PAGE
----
US Senate Bill 1409: Kids Online Safety Act


Reported to Senate (12/13/2023)

Kids Online Safety Act

This bill sets out requirements to protect minors from online harms.

The requirements apply to covered platforms, which are applications or services (e.g., social networks) that connect to the internet and are likely to be used by minors. However, the bill exempts internet service providers, email services, educational institutions, and other specified entities from the requirements.

Covered platforms must take reasonable measures in the design and operation of products or services used by minors to prevent and mitigate certain harms that may arise from that use (e.g., sexual exploitation and online bullying).

Additionally, covered platforms must provide (1) minors with certain safeguards, such as settings that restrict access to minors' personal data; and (2) parents or guardians with tools to supervise minors' use of a platform, such as control of privacy and account settings.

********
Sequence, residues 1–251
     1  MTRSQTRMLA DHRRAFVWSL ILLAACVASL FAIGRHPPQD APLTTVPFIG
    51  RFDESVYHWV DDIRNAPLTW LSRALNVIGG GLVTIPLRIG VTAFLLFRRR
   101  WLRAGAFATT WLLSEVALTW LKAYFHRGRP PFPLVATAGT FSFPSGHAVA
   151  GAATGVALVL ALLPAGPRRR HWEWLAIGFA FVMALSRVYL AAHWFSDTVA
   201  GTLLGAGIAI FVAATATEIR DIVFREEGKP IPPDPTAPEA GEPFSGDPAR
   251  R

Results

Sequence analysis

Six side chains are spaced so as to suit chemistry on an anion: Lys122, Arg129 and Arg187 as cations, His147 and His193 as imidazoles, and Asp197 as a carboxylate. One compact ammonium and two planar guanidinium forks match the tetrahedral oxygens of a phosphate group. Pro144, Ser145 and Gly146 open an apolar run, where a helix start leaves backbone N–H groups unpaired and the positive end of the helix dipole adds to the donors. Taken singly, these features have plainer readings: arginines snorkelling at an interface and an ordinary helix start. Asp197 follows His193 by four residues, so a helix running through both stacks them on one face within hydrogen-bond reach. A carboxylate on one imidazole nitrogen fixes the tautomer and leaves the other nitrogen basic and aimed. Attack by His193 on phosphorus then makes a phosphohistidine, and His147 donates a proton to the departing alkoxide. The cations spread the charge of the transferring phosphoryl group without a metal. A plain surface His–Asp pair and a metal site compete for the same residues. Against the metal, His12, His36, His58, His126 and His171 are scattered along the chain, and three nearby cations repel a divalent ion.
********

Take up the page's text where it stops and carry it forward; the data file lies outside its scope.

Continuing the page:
Covered platforms must also

  • disclose specified information, including details regarding the use of personalized recommendation systems and individual-specific advertising to minors;
  • allow parents, guardians, minors, and schools to report certain harms;
  • refrain from facilitating advertising of age-restricted products or services (e.g., tobacco and gambling) to minors; and
  • annually report on foreseeable risks of harm to minors from using the platform.

Additionally, the bill requires large (based on specified revenue, employment, or user criteria) websites, internet applications, and search engines (including social network sites) to meet certain requirements before using algorithms that prioritize information furnished to the user based on user-specific data. For example, such platforms must (1) provide users with notice that the website uses such algorithms, and (2) make available a version of the platform that uses algorithms that do not prioritize information based on user data.

The bill provides for enforcement through the Federal Trade Commission and states.

Further, the bill requires the commission to seek to contract with the National Academy of Sciences to study the risks of harm to minors by the use of social media and other online platforms.

The bill establishes a council to advise on implementing the bill. It also requires guidance for market and product research focused on minors and an evaluation of options to verify a user's age.

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